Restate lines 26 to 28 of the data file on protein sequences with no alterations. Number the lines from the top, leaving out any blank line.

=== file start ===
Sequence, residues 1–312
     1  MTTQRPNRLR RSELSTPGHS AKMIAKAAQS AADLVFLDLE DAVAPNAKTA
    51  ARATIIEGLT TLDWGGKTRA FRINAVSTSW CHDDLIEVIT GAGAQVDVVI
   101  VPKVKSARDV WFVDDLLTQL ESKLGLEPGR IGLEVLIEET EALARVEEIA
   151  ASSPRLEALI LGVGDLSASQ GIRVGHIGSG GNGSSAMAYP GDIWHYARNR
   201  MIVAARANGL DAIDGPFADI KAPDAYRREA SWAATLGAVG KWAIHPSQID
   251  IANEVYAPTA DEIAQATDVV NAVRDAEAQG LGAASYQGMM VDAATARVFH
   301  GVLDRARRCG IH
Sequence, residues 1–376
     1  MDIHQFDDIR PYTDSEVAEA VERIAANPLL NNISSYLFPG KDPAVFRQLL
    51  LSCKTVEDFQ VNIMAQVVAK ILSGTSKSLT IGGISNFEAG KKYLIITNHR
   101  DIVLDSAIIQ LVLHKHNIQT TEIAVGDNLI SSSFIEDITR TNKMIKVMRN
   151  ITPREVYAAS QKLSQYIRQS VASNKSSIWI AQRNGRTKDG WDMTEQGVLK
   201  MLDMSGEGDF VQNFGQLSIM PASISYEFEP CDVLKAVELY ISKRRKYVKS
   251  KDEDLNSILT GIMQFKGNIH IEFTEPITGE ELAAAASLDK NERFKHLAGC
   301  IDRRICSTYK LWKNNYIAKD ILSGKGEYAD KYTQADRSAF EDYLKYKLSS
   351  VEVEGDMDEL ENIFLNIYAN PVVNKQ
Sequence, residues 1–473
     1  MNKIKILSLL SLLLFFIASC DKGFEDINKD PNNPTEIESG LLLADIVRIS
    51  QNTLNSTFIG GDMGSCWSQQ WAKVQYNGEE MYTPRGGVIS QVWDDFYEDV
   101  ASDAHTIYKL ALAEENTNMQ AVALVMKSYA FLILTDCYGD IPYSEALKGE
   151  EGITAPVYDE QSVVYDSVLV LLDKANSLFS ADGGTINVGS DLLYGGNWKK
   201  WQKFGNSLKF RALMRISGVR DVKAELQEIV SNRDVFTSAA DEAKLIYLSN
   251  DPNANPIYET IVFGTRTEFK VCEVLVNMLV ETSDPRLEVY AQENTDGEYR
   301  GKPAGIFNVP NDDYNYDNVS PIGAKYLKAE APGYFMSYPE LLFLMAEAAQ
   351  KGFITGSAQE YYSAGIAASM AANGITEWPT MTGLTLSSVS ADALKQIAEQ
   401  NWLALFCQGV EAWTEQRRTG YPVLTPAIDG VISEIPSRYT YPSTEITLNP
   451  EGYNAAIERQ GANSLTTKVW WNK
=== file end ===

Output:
   351  KGFITGSAQE YYSAGIAASM AANGITEWPT MTGLTLSSVS ADALKQIAEQ
   401  NWLALFCQGV EAWTEQRRTG YPVLTPAIDG VISEIPSRYT YPSTEITLNP
   451  EGYNAAIERQ GANSLTTKVW WNK